Cosmetic Dental Image Simulation Companies

Another possibility is to hire a service that uses trained graphic artists using a program like Adobe Photoshop to do the work. These services can create great simulations, but the office must be willing to let patients walk out the door and come back later to finalize the treatment consultation. Furthermore, should patients want a modification done, it would need to be sent out again. There is an upside: If the case is already sold, the quality of the image is unbeatable. Specialized companies that offer cosmetic dental image manipulation include Virtual Smiles® (Anaheim, CA) and Smile-Vision® (Newtown, MA) (Figure 4, Figure 5, Figure 6 and Figure 7).

Additional Factors to Consider

When deciding which image simulation methods to integrate into the dental office, dentists should also consider the amount of time that will be required to perform a computer simulation, the expenditure to obtain the final image, and the overall quality of the simulated image.

With the implementation of any new software or device in the dental practice there is always a learning curve after initial training. After becoming proficient with the software, then it is possible to determine the time typically needed to modify an image. The time expenditure is equivalent to the overall cost of manipulating an image after recapturing the initial investment of the technology. Based on that amount of time, dentists can then determine if it is best to pay someone internally to perform the task or have images sent out to a third party to provide the manipulation.

The ability to show an immediate result while the patient is emotionally engaged in the moment is an extremely important consideration when evaluating the software programs that are available. An easy-to-use software program that creates a believable lifelike simulation quickly while the patient is watching is powerful. It is important with any of these different types of programs to obtain an impressive, quality cosmetic simulation. The quality of the image needs to look so impressive that it creates that “Wow Factor” to compel patients to move forward with treatment. This is where time is important; dentists need to decide if they will provide the simulation while the patient is present so that the patient does not leave the practice and the dentist loses the potential sale, or they prefer to have the patient come back for an even better picture. If it is not a realistic and believable appearance, it will not lend itself well to facilitating a potential patient to move forward with expensive elective cosmetic dental procedures.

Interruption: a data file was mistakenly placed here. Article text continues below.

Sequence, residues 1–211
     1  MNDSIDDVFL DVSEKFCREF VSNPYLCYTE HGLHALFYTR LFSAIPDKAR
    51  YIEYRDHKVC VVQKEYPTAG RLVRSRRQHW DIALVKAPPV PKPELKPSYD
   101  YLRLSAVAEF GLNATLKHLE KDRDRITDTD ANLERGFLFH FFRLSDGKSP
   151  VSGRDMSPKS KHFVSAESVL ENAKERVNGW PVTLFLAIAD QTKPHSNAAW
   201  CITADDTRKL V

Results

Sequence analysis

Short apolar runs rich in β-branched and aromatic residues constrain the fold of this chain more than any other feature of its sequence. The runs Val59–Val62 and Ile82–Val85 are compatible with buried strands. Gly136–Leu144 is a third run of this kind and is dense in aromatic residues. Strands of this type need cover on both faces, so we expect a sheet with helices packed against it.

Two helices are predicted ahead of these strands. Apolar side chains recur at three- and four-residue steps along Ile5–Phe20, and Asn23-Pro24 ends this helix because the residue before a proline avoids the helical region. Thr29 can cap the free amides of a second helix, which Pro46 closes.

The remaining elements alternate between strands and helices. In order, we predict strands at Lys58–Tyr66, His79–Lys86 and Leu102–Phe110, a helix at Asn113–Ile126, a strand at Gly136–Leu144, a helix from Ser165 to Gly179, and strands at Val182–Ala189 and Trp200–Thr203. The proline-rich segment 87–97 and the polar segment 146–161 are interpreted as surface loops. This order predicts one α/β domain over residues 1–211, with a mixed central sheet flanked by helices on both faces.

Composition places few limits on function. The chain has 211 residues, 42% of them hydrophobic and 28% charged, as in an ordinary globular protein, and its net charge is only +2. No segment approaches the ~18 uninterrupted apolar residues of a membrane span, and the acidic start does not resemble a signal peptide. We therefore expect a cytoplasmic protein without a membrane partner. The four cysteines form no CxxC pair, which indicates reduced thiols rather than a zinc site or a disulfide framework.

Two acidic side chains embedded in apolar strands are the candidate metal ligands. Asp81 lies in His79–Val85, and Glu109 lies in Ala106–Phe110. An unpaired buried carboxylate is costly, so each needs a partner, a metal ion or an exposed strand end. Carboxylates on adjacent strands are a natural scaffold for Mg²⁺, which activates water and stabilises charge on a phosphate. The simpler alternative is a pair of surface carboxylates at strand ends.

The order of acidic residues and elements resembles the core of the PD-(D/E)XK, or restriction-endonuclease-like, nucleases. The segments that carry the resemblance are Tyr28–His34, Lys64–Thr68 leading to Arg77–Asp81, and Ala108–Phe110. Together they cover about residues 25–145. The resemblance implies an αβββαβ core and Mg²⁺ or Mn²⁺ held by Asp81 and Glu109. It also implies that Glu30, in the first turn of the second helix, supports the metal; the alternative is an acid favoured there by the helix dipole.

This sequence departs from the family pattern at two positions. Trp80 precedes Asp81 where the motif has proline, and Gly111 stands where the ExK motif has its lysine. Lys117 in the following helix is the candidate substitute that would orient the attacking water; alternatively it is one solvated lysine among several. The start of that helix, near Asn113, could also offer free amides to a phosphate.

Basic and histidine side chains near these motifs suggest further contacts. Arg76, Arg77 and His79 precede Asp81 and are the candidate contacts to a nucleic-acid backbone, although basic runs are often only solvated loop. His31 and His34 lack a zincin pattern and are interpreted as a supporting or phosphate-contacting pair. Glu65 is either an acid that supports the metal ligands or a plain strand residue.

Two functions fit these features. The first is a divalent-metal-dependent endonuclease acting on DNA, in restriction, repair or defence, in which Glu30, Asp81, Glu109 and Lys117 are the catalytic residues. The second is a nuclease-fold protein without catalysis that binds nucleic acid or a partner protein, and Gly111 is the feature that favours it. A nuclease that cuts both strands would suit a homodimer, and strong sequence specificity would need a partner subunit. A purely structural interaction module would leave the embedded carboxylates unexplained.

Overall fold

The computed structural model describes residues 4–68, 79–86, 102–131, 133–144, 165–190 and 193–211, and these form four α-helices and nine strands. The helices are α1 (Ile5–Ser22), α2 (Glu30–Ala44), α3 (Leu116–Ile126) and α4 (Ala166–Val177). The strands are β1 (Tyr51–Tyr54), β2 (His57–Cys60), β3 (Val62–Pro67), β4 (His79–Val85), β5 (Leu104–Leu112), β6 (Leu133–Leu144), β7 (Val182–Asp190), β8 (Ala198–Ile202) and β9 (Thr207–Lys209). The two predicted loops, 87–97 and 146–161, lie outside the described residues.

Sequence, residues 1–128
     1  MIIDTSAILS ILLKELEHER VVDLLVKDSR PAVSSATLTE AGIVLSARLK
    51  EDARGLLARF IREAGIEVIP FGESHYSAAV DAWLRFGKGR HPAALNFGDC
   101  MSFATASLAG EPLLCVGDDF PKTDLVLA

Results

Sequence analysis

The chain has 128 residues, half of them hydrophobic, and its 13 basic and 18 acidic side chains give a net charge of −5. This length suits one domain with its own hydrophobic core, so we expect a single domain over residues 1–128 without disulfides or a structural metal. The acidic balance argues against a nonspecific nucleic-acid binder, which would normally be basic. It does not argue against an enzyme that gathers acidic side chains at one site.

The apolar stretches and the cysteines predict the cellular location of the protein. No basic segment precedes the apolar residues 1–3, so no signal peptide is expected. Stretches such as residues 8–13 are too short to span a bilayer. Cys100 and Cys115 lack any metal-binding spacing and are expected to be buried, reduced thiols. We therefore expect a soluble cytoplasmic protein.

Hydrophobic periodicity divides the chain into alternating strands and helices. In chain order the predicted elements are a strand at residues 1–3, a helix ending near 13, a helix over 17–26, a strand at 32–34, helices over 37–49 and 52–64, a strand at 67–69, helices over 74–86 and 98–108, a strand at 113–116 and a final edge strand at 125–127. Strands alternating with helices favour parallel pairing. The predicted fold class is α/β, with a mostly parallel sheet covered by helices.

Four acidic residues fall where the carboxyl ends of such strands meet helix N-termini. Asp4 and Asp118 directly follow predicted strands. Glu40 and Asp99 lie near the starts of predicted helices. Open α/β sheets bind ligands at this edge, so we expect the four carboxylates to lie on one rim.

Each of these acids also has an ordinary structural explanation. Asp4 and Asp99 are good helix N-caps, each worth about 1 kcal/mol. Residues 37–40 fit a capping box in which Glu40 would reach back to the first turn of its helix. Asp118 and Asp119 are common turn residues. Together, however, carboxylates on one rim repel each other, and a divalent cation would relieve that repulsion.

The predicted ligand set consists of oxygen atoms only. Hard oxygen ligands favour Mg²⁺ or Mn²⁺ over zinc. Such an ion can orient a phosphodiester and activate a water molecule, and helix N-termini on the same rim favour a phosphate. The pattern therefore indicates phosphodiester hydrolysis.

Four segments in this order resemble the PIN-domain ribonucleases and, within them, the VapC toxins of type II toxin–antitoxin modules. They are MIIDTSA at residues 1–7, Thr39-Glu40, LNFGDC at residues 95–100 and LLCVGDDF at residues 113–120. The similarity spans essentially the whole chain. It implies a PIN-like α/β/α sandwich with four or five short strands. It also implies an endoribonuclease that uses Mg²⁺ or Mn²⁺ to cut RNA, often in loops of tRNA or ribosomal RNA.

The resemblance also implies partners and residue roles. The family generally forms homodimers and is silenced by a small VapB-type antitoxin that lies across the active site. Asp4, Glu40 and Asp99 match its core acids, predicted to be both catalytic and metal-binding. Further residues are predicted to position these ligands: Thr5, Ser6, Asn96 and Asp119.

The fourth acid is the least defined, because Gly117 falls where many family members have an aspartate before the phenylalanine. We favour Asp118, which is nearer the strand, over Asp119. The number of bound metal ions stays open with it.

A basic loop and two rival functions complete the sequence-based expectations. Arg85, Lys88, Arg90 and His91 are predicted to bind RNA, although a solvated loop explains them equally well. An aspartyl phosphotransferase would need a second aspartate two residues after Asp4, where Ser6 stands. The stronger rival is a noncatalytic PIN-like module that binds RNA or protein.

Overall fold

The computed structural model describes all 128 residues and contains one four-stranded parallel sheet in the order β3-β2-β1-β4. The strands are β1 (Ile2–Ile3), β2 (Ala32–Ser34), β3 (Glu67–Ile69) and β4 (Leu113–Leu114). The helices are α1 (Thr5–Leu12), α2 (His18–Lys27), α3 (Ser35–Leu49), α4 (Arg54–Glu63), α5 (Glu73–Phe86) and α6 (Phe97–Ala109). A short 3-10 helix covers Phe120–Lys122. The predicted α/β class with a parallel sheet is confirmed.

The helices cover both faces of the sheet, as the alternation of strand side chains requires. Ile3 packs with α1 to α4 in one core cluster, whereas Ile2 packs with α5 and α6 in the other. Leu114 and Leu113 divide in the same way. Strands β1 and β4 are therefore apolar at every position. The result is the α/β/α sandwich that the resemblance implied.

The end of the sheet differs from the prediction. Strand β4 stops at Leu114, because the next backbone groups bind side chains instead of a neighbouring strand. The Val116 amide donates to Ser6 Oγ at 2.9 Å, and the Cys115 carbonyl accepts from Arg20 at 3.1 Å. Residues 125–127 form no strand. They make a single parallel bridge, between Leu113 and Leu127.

Conclusion

When done well, cosmetic dental simulations can be a very lucrative tool in the dental office, establishing more desire for patients who are considering investing in elective cosmetic dental procedures. Using these programs can facilitate more case acceptance and cost justification for patients to undergo cosmetic dental therapy, and thus more revenue for the practice. Take the time to determine which one fits your practice’s needs the best because they all work very well in the right situation.

About the Author

Todd C. Snyder, DDS
Faculty, Esthetic Professionals
Tarzana, California

Private Practice
Laguna Niguel, California


Share this:

Image Gallery

Figure 1  Screen capture of a whitening case using the Dentrix Cosmetic Imaging program. Image courtesy of Dentrix Image from DEXIS.

Figure 1

Figure 2  Screen capture of the Advanced Imaging module in EagleSoft. Image courtesy of Patterson Dental.

Figure 2

Figure 3  Screen capture of Alterimage conducting a smile-copy operation. Image courtesy of Seattle Software Design.

Figure 3

Figure 4  The patient wanted to see what it would look like to have her front teeth changed cosmetically. This picture showing 10 new all-ceramic crowns was exactly what she needed to see to have her start treatment. Image courtesy of Virtual Smiles.

Figure 4

Figure 5  The author worked on this patient’s image by modifying the gum height of her front teeth. The missing lateral with the canine in the lateral position needed to be modified as well as the premolar to appear as a lateral incisor. Then t

Figure 5

Figure 6  This patient had some discolored teeth and a lot of wear to the dentition. The patient wanted to see a more youthful smile with whiter and longer teeth. Image courtesy of Virtual Smiles.

Figure 6

Figure 7  This patient wanted her whole smile redone but wanted to see what it might look like as she was unsure of what she wanted. After looking at photographs the author and the patient found aspects of smiles she liked and other things that she d

Figure 7